Japanese Knotweed Control Programme

A number of years ago two local residents raised the problem of Japanese Knotweed colonising some large areas of ground especially along the riverbanks. They produced a small leaflet, available in the local library, describing its appearance and the problems it could cause. In 2002 Gatehouse Development Initiative mapped the areas of Knotweed in Council ownership. In 2004, the Community Council obtained an environmental grant and decided to put it towards establishing a project to try to control the Knotweed. This grant was used to obtain match funding from the Landfill Tax Credit scheme, administered by Solway Heritage. The funding was sought to develop an Action Plan, produce awareness raising material and begin a targeted spraying programme.

In 2005, a committee was established to manage and oversee the Japanese Knotweed 5 year Action Plan. The committee was made up of members from the Community Council, Gatehouse of Fleet Development Initiative, and various statutory bodies based in the Dumfries and Galloway region. The programme was Project Managed by Solway Heritage.

The first meeting of the committee took place in January 2005 and agreed a scheme and timetable for the project to follow.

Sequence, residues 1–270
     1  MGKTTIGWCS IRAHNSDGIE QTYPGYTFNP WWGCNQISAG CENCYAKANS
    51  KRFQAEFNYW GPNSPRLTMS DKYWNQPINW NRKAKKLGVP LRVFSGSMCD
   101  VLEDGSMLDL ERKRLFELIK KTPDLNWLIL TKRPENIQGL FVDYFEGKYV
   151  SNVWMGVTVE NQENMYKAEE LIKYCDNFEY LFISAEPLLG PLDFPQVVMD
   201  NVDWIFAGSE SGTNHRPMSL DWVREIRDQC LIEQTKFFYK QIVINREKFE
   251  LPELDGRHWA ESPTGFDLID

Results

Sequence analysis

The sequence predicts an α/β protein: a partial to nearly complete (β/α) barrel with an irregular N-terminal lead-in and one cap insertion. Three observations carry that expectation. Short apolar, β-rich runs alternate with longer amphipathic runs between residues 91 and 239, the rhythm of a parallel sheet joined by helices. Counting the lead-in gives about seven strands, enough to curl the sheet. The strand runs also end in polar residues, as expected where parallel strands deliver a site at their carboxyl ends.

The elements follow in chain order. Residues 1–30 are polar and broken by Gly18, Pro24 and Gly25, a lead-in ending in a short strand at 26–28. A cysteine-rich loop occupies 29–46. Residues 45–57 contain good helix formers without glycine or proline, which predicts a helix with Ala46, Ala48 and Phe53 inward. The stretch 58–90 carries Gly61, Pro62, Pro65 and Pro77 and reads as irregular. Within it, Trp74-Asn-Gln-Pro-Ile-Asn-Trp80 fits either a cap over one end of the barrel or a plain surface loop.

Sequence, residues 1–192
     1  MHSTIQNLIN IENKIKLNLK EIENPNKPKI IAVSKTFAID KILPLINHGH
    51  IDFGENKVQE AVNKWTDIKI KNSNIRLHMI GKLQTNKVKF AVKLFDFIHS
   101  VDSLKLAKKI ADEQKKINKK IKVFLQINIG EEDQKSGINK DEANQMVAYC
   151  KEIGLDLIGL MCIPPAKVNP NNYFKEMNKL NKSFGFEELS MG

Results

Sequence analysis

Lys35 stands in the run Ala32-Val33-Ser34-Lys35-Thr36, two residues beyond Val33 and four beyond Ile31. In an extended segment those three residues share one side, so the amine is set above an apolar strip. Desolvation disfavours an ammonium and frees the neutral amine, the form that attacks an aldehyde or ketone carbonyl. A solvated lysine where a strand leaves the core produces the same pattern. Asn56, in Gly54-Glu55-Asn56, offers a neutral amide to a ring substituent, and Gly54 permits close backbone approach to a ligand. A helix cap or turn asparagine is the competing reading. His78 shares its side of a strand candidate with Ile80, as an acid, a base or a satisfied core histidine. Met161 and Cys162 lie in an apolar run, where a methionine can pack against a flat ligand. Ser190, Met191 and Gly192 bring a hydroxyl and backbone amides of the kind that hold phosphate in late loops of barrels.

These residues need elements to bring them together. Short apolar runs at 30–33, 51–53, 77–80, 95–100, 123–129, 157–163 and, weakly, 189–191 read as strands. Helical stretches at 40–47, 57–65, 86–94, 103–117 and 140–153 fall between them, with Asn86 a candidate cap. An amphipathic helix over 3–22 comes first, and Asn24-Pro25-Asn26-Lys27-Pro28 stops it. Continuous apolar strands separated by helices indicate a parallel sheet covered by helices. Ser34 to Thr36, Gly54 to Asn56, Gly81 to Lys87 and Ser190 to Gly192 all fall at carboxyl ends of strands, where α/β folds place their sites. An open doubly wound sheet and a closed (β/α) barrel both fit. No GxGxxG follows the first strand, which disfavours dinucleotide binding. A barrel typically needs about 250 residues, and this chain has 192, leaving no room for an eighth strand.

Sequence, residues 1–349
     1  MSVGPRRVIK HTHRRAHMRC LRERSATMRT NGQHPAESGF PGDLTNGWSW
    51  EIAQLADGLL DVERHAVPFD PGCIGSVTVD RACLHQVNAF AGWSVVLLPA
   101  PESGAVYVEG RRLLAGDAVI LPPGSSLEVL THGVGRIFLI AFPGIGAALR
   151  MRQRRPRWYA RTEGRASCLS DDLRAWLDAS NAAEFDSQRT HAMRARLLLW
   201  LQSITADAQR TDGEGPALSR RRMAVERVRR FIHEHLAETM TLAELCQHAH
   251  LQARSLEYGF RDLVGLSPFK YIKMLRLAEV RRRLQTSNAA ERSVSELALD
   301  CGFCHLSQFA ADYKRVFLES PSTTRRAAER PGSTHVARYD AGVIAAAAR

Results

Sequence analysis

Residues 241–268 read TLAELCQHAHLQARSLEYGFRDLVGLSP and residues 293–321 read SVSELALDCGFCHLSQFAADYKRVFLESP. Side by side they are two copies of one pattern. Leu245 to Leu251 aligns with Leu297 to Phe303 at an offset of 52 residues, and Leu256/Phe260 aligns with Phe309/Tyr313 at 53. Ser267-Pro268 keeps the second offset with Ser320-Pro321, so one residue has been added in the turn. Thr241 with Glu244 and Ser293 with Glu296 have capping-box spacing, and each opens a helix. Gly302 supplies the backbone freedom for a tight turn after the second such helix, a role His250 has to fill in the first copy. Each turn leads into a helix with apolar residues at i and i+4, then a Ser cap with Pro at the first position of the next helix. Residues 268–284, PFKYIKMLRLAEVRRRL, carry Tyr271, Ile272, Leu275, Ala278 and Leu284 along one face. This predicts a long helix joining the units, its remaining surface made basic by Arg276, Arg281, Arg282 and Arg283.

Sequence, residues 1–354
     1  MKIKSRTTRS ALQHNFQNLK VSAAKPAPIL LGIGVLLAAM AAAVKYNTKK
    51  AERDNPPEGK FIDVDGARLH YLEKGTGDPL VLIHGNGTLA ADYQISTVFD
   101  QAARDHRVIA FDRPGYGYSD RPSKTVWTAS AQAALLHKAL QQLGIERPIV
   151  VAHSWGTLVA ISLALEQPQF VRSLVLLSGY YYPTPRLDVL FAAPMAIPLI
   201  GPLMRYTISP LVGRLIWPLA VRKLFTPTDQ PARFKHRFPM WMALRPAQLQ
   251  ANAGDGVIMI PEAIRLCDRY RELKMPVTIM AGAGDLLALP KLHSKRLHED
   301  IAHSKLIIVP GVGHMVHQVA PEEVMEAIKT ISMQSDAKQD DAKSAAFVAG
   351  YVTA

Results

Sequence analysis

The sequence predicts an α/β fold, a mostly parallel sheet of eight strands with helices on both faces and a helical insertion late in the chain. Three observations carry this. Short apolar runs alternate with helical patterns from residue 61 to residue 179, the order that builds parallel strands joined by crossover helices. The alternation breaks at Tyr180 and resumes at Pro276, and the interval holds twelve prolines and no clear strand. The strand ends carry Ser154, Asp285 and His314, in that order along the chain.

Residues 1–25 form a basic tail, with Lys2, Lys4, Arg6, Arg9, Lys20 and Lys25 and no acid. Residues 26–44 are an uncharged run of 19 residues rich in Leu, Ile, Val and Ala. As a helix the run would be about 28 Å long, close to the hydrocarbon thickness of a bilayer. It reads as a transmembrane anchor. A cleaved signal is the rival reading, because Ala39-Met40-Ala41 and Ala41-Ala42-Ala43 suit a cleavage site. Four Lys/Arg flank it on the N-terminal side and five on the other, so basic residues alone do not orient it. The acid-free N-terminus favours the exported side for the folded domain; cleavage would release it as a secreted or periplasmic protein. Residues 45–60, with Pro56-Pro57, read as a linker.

The Fleet Valley National Scenic Area (NSA) Countryside volunteers surveyed a large area of the town and the scenic area and produced a schedule and annotated maps showing the locations and concentrations of the weed. Using this data Solway Heritage produced the Action Plan in June 2005 which included photographs. Of the 25 areas located, 10 were selected as priority areas for treatment. Appropriate licences were obtained from SEPA.

The volunteer team have monitored these 10 areas annually and recorded how effective the spraying programme has been.

The spraying works were tendered and the Community Council entered into a contract with Dumfries & Galloway Council to carry out the herbicide treatment on the 10 selected areas. The plants were sprayed with a glyphosate weed killer (Roundup).

Leaflets were printed and were distributed by the volunteers to all households in the town. It informed residents about why the programme of work was being undertaken and provided advice on how to control Knotweed found in gardens. A seminar was also held for land managers in 2005 to encourage them to undertake control of Knotweed on their land upstream of the town.

Spraying has taken place twice a year since 2005, usually in June and September. To date the four years of spraying has proved very effective and these areas of Knotweed are almost eliminated. The first two years show a dramatic reduction in the density of the weed, however, the spraying does need to continue until such times as the weed can be declared eliminated. It is very persistent and can spring up again in areas where it was assumed to be eliminated. Expert opinion predicts a minimum of five years treatment to eradicate the weed altogether and our experience to date suggests this is a good guide as to the minimum time required.

R Forster, Community Councillor 17th August 2009